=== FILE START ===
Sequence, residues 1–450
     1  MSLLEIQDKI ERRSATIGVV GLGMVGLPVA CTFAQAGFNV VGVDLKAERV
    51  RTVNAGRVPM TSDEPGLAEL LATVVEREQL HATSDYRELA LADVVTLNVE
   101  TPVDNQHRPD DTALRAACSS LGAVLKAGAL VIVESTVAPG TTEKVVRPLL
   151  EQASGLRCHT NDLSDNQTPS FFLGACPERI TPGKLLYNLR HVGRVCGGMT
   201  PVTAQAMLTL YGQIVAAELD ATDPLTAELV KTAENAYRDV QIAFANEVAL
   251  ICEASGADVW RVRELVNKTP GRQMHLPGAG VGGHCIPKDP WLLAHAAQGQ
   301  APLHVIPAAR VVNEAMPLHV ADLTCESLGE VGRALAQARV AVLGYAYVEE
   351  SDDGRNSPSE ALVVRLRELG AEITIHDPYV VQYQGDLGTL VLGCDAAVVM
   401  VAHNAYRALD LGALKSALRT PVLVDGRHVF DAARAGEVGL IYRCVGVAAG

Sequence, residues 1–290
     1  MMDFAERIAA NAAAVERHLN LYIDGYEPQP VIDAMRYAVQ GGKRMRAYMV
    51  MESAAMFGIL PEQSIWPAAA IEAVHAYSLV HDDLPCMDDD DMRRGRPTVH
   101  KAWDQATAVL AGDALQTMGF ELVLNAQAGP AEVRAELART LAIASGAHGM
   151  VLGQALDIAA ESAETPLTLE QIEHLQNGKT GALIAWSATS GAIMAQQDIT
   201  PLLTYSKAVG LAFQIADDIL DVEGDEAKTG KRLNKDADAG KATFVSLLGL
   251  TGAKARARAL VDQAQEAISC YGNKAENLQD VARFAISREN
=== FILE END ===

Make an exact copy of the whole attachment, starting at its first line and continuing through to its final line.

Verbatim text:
Sequence, residues 1–450
     1  MSLLEIQDKI ERRSATIGVV GLGMVGLPVA CTFAQAGFNV VGVDLKAERV
    51  RTVNAGRVPM TSDEPGLAEL LATVVEREQL HATSDYRELA LADVVTLNVE
   101  TPVDNQHRPD DTALRAACSS LGAVLKAGAL VIVESTVAPG TTEKVVRPLL
   151  EQASGLRCHT NDLSDNQTPS FFLGACPERI TPGKLLYNLR HVGRVCGGMT
   201  PVTAQAMLTL YGQIVAAELD ATDPLTAELV KTAENAYRDV QIAFANEVAL
   251  ICEASGADVW RVRELVNKTP GRQMHLPGAG VGGHCIPKDP WLLAHAAQGQ
   301  APLHVIPAAR VVNEAMPLHV ADLTCESLGE VGRALAQARV AVLGYAYVEE
   351  SDDGRNSPSE ALVVRLRELG AEITIHDPYV VQYQGDLGTL VLGCDAAVVM
   401  VAHNAYRALD LGALKSALRT PVLVDGRHVF DAARAGEVGL IYRCVGVAAG

Sequence, residues 1–290
     1  MMDFAERIAA NAAAVERHLN LYIDGYEPQP VIDAMRYAVQ GGKRMRAYMV
    51  MESAAMFGIL PEQSIWPAAA IEAVHAYSLV HDDLPCMDDD DMRRGRPTVH
   101  KAWDQATAVL AGDALQTMGF ELVLNAQAGP AEVRAELART LAIASGAHGM
   151  VLGQALDIAA ESAETPLTLE QIEHLQNGKT GALIAWSATS GAIMAQQDIT
   201  PLLTYSKAVG LAFQIADDIL DVEGDEAKTG KRLNKDADAG KATFVSLLGL
   251  TGAKARARAL VDQAQEAISC YGNKAENLQD VARFAISREN